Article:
Some technical limitations and potential pitfalls of ISAS will require further studies in ongoing work. We excluded patients in the current study with significant anatomic abnormalities, prior resection, or intracranial hardware, because SPECT images are spatially warped to a template for analysis. However, it is feasible by using SPM to remove selective abnormal brain regions during spatial warping (49), so it is possible to analyze patients with anatomic abnormalities by ISAS as well (see http://spect.yale.edu for details). Although ISAS provides a straightforward and objective method for analysis, appropriate caution is required not to use a “black box” approach. It is essential to view the images at each stage of analysis and to assess image quality and registration visually and whether the results “make sense.” We have, therefore, automated the most straightforward processing steps (see http://spect.yale.edu/) to speed analysis time but have so far avoided further automation to encourage viewing results at intermediate stages of analysis and to allow greater user flexibility. For example, because anatomic warping is necessary for SPM analysis compared with a normal database, data should be visually inspected during processing for potential artifacts. In addition, results should be confirmed independently by methods that do not require spatial warping (16,19), which can also be achieved by using simple SPM tools (ImCalc), or other freeware (http://www.colin-studholme.net/software/software.html; see also http://spect.yale.edu). Although these other methods (without warping) do not allow objective statistical comparison with a standard database, they can be useful as a second check of results. Another enhancement that can be implemented in a relatively straightforward manner is unwarping of ISAS results back onto individual patient MRI scans rather than onto the MRI template (deformations toolbox in SPM2, http://www.fil.ion.ucl.ac.uk/spm/ see also http://spect.yale.edu). In this study, we also excluded patients with secondarily generalized seizures. A preliminary analysis demonstrated poor localization by SPECT in patients with secondarily generalized seizures (38); however, further investigation of this population is warranted.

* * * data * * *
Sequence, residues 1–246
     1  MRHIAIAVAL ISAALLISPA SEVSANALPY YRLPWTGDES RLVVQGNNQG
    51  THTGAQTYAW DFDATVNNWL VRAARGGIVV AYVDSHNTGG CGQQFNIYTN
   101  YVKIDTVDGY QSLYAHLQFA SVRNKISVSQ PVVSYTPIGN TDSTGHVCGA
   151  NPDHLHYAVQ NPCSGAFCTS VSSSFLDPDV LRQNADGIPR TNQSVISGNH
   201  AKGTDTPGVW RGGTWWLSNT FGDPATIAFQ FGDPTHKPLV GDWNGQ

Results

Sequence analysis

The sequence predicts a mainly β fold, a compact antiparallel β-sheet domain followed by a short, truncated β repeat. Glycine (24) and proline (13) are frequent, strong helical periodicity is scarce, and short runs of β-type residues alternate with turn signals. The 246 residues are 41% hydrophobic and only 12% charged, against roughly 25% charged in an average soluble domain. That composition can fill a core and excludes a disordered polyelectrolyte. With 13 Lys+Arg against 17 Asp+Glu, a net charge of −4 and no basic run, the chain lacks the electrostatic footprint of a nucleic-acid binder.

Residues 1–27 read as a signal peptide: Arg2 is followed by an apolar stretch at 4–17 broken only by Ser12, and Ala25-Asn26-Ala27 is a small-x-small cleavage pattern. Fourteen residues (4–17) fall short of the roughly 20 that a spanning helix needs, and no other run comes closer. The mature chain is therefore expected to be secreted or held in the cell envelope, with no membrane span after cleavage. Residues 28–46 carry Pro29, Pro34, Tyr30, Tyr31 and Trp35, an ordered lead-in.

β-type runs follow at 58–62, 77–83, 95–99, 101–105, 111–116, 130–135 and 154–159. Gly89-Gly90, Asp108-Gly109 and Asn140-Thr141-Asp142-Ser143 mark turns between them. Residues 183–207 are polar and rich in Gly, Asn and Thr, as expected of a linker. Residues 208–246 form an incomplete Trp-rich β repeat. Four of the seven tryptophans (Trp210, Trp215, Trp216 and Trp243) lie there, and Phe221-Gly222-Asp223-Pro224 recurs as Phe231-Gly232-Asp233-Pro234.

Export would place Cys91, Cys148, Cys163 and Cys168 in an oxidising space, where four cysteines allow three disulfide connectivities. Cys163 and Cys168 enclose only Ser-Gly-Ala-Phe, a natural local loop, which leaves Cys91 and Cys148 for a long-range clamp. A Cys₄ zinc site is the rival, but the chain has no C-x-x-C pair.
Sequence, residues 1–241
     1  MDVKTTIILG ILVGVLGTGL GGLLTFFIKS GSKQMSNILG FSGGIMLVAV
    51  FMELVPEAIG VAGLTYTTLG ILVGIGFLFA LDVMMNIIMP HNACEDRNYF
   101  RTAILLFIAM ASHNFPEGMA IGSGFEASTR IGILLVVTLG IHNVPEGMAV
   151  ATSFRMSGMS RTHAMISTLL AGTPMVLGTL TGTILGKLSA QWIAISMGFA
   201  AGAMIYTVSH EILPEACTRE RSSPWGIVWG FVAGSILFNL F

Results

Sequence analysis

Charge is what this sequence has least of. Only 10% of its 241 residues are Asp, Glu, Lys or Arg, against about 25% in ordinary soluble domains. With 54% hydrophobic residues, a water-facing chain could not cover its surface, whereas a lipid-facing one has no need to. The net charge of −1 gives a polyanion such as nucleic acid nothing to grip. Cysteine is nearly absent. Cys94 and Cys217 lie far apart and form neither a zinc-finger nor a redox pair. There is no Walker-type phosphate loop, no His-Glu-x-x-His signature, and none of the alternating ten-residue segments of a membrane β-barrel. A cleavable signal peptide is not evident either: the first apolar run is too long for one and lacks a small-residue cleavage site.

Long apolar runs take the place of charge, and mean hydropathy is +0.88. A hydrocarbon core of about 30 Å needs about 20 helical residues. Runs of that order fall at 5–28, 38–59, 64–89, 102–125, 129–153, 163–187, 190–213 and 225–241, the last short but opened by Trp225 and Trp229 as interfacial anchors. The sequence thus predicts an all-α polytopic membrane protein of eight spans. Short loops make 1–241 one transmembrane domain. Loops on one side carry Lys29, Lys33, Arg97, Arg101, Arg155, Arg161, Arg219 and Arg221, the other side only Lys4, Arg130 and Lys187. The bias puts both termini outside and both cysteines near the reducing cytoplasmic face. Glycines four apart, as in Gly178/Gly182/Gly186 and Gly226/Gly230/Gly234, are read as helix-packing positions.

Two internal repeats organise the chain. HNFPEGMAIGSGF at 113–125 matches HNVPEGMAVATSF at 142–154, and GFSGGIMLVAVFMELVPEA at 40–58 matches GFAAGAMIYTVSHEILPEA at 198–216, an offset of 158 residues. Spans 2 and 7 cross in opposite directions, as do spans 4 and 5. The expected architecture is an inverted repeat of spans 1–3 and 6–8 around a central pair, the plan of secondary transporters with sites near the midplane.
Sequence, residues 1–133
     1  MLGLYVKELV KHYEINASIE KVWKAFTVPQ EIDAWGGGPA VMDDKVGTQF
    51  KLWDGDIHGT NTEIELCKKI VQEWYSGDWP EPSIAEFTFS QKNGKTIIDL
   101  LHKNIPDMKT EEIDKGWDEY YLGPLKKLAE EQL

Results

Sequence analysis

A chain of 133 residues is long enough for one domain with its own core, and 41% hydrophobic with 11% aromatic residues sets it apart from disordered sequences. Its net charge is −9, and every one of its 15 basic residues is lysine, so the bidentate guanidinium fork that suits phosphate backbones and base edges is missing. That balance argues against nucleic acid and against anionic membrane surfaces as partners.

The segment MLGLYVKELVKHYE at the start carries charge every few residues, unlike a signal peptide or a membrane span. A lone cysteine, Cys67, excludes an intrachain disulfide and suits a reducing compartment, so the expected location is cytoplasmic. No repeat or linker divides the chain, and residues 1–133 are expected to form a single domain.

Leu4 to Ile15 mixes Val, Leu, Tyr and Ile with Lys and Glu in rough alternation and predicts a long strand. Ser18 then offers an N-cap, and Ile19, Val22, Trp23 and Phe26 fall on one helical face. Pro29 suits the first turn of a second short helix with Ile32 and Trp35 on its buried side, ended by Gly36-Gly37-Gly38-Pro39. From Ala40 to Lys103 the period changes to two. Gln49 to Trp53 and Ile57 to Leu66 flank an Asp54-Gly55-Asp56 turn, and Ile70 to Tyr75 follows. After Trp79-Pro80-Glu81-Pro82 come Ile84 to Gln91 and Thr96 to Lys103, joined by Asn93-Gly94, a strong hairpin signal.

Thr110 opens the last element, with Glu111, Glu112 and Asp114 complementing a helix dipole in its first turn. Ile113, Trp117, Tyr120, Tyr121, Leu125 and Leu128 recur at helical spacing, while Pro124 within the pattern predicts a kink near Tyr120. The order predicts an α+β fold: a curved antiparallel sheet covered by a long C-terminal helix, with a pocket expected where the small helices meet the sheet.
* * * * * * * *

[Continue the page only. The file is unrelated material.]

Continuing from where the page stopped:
One of the limitations of the current study is sample size. After applying our inclusion/exclusion criteria designed to study a population of patients with clear and definite localizations, only 47 image pairs were included, although our center has a relatively large volume of epilepsy patients. Further breaking down this group by localization, seizure duration, and injection time will result in small numbers within each subgroup. Important additional information may be gained by more detailed analysis of the time course of SPECT imaging changes. For example, from our data, we can speculate that temporal lobe seizures may propagate in the late ictal period, making localization of a single focus more difficult (e.g., patients 6 and 7 in Table 1). Previous studies also support this possibility (50), but a much larger sample size would be needed to investigate this phenomenon in detail. It also is known that the radiotracer can take between 30 and 60 s to be completely taken up in the brain (13,14); thus the injections done during the late ictal period may actually reflect postictal brain activity. On the other hand, the known delay between changes in neuronal activity and changes in CBF during seizures (51) may, at least in part, counteract this timing discrepancy. It is clear that to study fully the time course of CBF changes during and after seizures, a multicenter collaboration will be necessary.
In summary, ictal SPECT is a powerful noninvasive tool for presurgical localization. Our hope is to make a valid method of analysis and interpretation widely available, so that ictal SPECT will not be limited to a few specialized centers. Based on our results, obtaining true ictal injections remains a high priority. Although it is clear that ictal SPECT is far superior to postictal SPECT for presurgical localization, obtaining true ictal injections remains a challenge at most medical centers, mainly for logistic and financial reasons. A coordinated effort will most likely be needed among medical centers to guarantee that consistent ictal injections can be achieved and justified as medically necessary.